Assistant Research Scientist/Faculty Specialist position to support NOAA National Centers for Environmental Information

University of Maryland

The University of Maryland / Cooperative Institute for Satellite Earth System Studies (UMD/CISESS) seeks a talented and self-motivated candidate to start a new and promising career supporting the research, development, and transition projects funded by the NOAA National Centers for Environmental Information (NCEI). Specifically, the scientist will support ocean acidification data management data product development, generate gridded coastal and global ocean data products by using NCEI's World Ocean Atlas tools (Fortran based), support data management activities for shipboard data, and collaborate with NOAA scientists. 

Find more information and apply here.

Wednesday, June 29, 2022
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Assessing risks of ocean acidification in south-central and southeast Alaska

Tom Hurst - NOAA Alaska Fisheries Science Center

Evaluating ocean acidification vulnerability and interactions among traditional and coastal Alaska industries

Why we care
Many marine species affected by ocean acidification (OA) contribute to Alaska’s highly productive commercial fisheries and traditional subsistence ways of life. Concern exists that acidification will cause ecosystem-level shifts, diminishing the overall economic value of commercial fisheries and reducing food security for communities relying on subsistence harvests.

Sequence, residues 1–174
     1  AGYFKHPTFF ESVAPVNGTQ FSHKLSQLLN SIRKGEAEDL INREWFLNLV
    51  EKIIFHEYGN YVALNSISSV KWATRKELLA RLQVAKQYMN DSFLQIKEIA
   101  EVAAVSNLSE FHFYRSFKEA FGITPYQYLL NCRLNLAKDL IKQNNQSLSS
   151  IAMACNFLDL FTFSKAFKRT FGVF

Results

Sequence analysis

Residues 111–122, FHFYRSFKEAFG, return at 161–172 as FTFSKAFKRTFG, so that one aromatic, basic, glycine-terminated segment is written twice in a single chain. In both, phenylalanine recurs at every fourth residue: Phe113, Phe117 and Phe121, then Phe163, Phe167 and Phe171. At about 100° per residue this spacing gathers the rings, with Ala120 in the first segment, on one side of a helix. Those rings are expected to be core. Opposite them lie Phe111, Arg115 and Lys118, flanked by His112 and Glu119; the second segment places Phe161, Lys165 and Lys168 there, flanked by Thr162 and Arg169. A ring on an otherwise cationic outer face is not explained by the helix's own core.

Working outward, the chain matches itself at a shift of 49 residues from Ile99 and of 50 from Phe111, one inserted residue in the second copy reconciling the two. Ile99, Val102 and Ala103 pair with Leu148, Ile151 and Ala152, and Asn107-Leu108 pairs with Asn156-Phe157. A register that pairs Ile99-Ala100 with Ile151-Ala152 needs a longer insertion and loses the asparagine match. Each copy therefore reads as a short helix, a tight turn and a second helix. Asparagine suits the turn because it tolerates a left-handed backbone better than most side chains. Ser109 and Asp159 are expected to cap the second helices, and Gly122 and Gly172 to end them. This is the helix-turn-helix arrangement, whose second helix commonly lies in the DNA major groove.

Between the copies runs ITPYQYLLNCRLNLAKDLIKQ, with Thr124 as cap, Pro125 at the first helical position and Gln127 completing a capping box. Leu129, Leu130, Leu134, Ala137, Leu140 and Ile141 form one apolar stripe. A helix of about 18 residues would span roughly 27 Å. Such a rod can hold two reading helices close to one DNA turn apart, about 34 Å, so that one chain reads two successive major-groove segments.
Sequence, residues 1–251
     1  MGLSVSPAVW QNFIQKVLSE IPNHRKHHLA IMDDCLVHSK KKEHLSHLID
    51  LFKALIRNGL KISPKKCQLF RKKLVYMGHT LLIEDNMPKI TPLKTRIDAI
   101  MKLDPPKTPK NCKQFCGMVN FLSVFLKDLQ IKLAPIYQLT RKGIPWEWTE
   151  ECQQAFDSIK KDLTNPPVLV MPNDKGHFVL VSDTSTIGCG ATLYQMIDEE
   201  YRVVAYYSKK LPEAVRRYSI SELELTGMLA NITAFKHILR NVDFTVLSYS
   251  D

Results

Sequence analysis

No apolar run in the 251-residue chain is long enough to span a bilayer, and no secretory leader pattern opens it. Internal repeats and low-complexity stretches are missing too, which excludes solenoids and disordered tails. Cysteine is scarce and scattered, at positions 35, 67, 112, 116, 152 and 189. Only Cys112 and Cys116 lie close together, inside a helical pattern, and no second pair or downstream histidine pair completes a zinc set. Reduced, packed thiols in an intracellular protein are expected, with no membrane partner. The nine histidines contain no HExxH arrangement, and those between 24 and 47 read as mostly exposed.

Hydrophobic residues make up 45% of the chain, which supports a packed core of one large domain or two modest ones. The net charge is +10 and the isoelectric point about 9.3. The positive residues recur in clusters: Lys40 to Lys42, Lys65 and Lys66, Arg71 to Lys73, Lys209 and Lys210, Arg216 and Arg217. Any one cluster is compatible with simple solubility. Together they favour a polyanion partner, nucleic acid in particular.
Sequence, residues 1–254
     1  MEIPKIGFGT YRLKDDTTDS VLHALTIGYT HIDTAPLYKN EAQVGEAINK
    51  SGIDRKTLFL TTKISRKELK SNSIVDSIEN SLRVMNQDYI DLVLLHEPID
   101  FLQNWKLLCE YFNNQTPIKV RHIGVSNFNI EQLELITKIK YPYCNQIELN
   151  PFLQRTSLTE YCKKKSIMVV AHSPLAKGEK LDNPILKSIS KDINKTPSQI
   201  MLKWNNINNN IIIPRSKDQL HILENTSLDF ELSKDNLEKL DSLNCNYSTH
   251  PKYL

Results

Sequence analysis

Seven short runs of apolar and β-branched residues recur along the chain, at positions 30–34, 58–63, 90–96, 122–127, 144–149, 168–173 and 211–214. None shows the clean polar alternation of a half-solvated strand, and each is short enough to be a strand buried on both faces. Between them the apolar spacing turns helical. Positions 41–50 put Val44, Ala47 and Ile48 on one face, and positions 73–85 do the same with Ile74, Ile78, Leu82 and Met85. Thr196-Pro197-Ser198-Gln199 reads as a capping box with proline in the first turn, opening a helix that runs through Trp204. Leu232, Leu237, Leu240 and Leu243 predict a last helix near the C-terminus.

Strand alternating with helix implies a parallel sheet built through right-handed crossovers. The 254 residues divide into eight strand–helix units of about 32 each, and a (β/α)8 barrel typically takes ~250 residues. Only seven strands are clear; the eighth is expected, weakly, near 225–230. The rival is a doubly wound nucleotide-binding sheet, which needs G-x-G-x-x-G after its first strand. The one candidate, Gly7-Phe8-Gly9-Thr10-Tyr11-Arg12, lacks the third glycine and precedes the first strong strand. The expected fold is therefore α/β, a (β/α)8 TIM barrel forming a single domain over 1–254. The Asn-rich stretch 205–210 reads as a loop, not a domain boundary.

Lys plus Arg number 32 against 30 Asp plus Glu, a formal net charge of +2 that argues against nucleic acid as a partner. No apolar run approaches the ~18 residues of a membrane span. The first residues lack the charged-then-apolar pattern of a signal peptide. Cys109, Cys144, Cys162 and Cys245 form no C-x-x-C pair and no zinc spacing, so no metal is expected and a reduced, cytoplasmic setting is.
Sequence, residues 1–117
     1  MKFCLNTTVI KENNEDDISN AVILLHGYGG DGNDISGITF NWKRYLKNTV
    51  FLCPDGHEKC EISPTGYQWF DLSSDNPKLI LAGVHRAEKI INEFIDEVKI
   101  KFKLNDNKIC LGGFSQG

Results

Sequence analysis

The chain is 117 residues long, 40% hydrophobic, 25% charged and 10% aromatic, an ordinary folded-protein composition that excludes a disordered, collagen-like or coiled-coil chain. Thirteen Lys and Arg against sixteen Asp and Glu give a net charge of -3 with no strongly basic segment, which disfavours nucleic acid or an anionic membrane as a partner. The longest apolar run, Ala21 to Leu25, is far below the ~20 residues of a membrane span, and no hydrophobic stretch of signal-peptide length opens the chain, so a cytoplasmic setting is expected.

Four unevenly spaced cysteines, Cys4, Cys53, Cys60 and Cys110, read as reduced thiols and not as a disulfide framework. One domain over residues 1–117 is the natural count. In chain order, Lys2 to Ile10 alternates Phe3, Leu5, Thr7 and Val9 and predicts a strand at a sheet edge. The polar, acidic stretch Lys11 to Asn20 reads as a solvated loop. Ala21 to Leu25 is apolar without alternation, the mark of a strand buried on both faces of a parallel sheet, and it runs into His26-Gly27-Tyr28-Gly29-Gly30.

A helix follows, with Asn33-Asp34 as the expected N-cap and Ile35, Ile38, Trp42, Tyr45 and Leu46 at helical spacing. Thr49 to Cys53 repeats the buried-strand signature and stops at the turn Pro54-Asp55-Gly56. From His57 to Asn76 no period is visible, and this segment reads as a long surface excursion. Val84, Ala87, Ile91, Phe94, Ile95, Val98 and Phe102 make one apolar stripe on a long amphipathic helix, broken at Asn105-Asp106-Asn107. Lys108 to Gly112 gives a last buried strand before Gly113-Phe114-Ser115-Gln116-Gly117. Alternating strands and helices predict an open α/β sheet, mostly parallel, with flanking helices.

What we are doing
This project addresses acidification threats in south-central and southeast Alaska. It involves the development of decision support tools incorporating acidification risks into localized socio-ecological systems. The tools are based on a network of models representing acidification hazards, bio-ecological systems, and socioeconomic systems linked to adaptive actions.

Benefits of our work
This project is an exchange of knowledge between scientists, policy makers, and community stakeholders. The network of models creates decision support tools responsive to stakeholder concerns that reflect regional variation in community priorities and their ecological social and management context. The project synthesizes the best available science to determine the risks posed by ocean acidification.

Thursday, June 23, 2022

Understanding biodiversity in the Gulf of Mexico using eDNA

Luke Thompson - Mississippi State University

Assessing ecosystem responses of Gulf of Mexico coastal communities to ocean acidification using environmental DNA

Why we care 
Recent efforts to monitor ocean acidification in the Gulf of Mexico via the Gulf of Mexico Ecosystems and Carbon Cycle (GOMECC) cruises have revealed spatial differences in ocean acidification. While we know that ocean acidification negatively impacts many species and exacerbates the effects of oxygen limitation and harmful algal blooms, there is little work to monitor or predict the effects of ocean acidification on biodiversity. This project employs cutting-edge technology using environmental DNA to assess biodiversity in different conditions in the Gulf of Mexico region.

What we are doing
Every organism sheds DNA. This project analyzes environmental DNA (eDNA), which is free-floating or microscopic DNA found in seawater, collected during the 4th GOMECC cruise, to identify biodiversity of bacteria, plankton, and fish in the Gulf of Mexico. eDNA will be compared to ocean properties to draw conclusions about drivers of biodiversity. 

Benefits of our work
Links between eDNA, ocean acidification, and other ocean properties will provide a deeper understanding of environmental drivers of biodiversity. These relationships can inform predictions of biodiversity patterns and guide the management of key habitats in the Gulf of Mexico, and help us adapt to changing ocean conditions.